The risk of a dengue epidemic would be much greater if they were to stop fogging. I don't particularly like the smoke either but I accept it as a necessary measure to keep the mozzies at bay. It didn't take me long to learn to 'tune in' to the sound of an approaching fogger and take the appropriate actions to minimise any direct exposure.
Be careful what you wish for

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JR8
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Postby JR8 » Thu, 17 Jan 2013 1:24 am

If you're outside, then simply move out of the way.

If you're indoors and the fog comes in through open windows, then breath through a wet flannel, towel or similar for a minute or two until it passes.

No big deal; it's that simple.

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Postby snowqueen » Sat, 19 Jan 2013 9:09 am

If this is happening at your condo, they usually have an exact day and time that they would be doing this. For us it's 10am on a Thursday (unless it's raining then they come back the next day).

If I was by the pool I move out the way until the fog had passed then come back. I'm now in a ground floor apartment so have to make sure everything is closed - the smell lingers a bit from the bin shute but only for an hour or so.

We have a lot of construction in our area at the moment and about to have the 2nd NEA Dengue visit within a 6 month period, last time this happened they conducted a 2nd fogging each week for a period of 2 months just to be sure.

I would rather get out the way of fogging for half an hour than get sick from Dengue.

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Postby wheaten » Wed, 23 Jan 2013 8:12 am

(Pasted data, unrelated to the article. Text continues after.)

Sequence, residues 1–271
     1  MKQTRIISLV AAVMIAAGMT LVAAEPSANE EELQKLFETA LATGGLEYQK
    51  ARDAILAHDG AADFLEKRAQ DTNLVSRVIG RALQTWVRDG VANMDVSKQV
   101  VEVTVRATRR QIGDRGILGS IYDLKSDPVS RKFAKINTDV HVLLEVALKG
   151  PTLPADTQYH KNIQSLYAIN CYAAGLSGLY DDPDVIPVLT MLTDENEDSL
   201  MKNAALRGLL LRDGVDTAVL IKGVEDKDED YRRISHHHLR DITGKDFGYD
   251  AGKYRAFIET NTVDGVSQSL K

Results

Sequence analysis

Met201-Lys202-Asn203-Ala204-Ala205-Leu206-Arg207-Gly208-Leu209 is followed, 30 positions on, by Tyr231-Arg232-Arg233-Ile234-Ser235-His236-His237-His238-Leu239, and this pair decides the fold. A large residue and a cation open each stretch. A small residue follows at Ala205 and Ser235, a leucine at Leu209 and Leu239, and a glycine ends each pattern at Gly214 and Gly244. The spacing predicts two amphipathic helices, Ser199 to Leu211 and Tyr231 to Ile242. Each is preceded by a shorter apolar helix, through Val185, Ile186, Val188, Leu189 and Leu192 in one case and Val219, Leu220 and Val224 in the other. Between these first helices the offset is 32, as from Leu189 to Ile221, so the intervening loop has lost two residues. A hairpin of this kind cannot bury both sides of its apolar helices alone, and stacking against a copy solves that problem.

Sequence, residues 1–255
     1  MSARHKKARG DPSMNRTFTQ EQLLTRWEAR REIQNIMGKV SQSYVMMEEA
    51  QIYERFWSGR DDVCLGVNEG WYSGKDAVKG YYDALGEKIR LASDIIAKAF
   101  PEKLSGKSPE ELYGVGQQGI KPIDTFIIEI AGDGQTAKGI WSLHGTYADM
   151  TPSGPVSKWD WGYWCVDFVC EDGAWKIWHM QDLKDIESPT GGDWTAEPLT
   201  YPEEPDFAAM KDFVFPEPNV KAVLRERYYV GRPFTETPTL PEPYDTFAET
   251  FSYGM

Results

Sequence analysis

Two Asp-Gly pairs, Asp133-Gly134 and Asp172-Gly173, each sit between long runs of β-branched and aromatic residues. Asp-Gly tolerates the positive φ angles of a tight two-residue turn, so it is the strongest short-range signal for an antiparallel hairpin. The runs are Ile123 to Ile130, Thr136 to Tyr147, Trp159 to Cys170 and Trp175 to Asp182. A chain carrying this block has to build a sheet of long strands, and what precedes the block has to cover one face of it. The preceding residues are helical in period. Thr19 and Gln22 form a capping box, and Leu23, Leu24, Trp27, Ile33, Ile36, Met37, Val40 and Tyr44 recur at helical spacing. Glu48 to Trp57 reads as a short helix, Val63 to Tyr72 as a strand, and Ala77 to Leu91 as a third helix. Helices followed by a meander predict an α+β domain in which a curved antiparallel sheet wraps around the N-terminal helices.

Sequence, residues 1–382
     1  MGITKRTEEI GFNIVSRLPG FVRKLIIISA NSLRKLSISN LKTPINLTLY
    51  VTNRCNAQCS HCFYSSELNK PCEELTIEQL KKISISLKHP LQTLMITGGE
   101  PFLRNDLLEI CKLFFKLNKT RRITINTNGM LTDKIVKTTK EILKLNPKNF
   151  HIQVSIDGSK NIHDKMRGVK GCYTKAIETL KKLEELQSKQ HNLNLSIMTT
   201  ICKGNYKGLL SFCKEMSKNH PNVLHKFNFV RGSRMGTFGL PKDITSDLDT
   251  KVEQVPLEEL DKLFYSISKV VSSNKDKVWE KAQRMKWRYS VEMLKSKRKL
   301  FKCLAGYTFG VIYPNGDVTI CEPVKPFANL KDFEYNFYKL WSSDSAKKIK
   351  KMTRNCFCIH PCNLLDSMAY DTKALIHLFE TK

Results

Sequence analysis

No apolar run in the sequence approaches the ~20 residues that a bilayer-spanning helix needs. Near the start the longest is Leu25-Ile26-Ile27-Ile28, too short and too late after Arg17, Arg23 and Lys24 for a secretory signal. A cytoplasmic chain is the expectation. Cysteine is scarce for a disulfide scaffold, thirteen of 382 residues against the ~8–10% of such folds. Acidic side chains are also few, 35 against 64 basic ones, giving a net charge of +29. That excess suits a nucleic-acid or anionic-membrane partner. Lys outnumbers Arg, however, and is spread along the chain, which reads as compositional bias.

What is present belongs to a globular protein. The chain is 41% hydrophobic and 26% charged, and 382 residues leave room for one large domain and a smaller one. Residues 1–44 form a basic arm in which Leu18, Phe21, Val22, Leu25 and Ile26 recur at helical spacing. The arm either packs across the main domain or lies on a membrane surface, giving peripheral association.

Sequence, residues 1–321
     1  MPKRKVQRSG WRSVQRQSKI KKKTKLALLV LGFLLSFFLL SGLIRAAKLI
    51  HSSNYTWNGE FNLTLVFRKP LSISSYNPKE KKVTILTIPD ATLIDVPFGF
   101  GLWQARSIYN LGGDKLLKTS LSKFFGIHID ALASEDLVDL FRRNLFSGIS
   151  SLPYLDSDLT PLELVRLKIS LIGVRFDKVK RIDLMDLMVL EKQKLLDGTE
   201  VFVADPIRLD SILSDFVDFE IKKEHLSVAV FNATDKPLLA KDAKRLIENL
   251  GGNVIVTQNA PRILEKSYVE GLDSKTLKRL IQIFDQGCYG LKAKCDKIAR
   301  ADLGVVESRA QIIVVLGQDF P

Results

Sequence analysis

I was out walking at night and between getting caught up in a conversation, ignorance and darkness , didn't realise what I was walking into till it was too late! Mind you, it was the time of night I usually walk and it had never happened before, so I was not thinking about the possibility.
It then happened the next night, so I knew, turned around and went somewhere else. But it hasn't happened again. My concern is what to do should I or the kids get caught up in this sort of situation again. On fogging day at home, I remember to close the windows etc. I appreciate not being bitten by mosquitoes and so have never said I wanted fogging ( great euphemism ) to end, rather I am after some advice for after the event. Our area has had no reported dengue outbreaks , so it seems the fogging is successful and for that I am grateful.

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Postby offshoreoildude » Wed, 23 Jan 2013 8:40 am

The oil in fogging is similar to the active ingredients in Mortein - Allethrin.
Quite low toxicity. The carrying agent (oil) is probably more toxic.

http://en.wikipedia.org/wiki/Allethrin
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Postby the lynx » Wed, 23 Jan 2013 9:07 am

offshoreoildude wrote:The oil in fogging is similar to the active ingredients in Mortein - Allethrin.
Quite low toxicity. The carrying agent (oil) is probably more toxic.

http://en.wikipedia.org/wiki/Allethrin


All fogging solution allowed in Singapore are pyrethroid-based (basically if you look at the active ingredient on label, it has -thrin suffix at the back; like allethrin in this case). Supposed to be the least harmful form of insecticide to be released in air, compared to others like malathion (a staple for gardeners or landscaping enthusiasts) or fipronil (you will find in your cockroach bait in supermarkets).

Usually mixed with kerosene/diesel for fogging. As for the effect of kerosene/diesel in droplet form on human health, I'm not sure actually.